Because of this strong German influence, Eby Town was renamed Berlin in the 1830s. Much later, when World War I broke out, the German place name fell into disrepute, and the city was renamed Kitchener, after a British general in the Boer War. There have been several attempts to revert to the name Berlin, but without success. The local German culture is celebrated annually over the Thanksgiving weekend with Oktoberfest activities.

In many ways, Waterloo Region is a microcosm of the wider Mennonite church represented by MC Canada, with all of its diversity yet united as a people of God.

I invite you to southern Ontario for the MC Canada assembly in Waterloo from July 4 to 8, 2011. Come and meet me at the Grand!

For discussion

1. Generations of Mennonites have moved in search of land where they could live out their beliefs in communities of peace. How aware are you of your family roots where you live? How important is this to your sense of identity as an individual, a family and a church?

2. Maurice Martin notes that a Mennonite “habit of the heart” from our beginnings is to be “a people apart.” He describes how various Mennonite groups in Waterloo Region “draw the line in the sand” at different places when it comes to nonconformity to the world. Does it matter to you how we express our nonconformity to the world? Where do you draw the line?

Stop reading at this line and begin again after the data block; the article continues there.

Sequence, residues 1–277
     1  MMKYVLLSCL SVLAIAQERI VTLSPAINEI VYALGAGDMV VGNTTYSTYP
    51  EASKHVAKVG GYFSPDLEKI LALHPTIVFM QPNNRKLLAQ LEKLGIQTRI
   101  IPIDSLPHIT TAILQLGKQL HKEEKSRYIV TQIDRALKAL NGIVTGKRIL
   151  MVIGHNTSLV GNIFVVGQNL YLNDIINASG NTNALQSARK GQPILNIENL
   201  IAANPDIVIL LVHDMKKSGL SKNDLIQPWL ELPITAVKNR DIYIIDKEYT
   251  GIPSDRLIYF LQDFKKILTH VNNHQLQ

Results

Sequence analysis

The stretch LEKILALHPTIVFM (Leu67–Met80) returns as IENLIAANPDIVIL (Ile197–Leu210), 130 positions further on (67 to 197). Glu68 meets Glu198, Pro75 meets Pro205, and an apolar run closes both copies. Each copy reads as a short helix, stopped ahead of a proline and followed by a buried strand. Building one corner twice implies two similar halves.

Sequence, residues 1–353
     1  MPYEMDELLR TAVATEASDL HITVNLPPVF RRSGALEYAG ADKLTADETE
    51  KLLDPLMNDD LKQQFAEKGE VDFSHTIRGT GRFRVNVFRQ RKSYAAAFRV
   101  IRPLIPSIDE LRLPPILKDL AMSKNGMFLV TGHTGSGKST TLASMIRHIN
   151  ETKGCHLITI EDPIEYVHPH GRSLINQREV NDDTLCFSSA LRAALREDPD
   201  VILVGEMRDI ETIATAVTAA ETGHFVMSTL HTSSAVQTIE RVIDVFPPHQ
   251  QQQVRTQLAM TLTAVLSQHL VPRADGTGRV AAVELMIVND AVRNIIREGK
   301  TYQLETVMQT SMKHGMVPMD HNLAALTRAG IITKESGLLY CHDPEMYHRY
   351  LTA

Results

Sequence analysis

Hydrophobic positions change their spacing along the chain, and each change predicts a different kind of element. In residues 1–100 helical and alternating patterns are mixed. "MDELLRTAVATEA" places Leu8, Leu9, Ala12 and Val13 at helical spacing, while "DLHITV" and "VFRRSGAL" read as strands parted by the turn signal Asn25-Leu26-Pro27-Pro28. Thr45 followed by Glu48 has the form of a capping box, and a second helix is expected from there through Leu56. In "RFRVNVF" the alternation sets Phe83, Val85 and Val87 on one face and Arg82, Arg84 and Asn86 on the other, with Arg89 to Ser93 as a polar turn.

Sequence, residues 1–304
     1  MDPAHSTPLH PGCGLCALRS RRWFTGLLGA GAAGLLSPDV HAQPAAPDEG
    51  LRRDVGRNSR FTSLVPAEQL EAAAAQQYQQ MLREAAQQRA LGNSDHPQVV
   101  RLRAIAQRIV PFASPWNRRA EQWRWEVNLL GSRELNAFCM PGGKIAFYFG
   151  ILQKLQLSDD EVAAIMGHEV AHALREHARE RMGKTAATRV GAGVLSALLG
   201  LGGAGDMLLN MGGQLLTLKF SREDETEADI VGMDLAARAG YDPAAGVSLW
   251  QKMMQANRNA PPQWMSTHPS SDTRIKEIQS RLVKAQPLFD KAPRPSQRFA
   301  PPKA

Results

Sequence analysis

3. There are now more than 20 identifiable Mennonite groups in Ontario. Is this splintering of Mennonites a sign of vigour (they believed strongly enough about matters to debate them and even divide over them), or is it a sign of decay (people sticking to tradition which is faith “gone to seed”)?

4. The story of Mennonite immigration to Waterloo Region has many parallels for Mennonites. How might this history help us better understand newer immigrant groups that have more recently joined Mennonite Church Canada from Asia, Latin America, Africa and other places?

5. When we meet in assembly in July 2011, we will be on the German Land Tract, which was originally the land of the Six Nations people. How aware are you that we in Canada truly live in “our home and native land”? When we arrived, our aboriginal neighbours were our “hosts,” and we came as “guests.” Have we been good guests?

See also: “When you come . . .”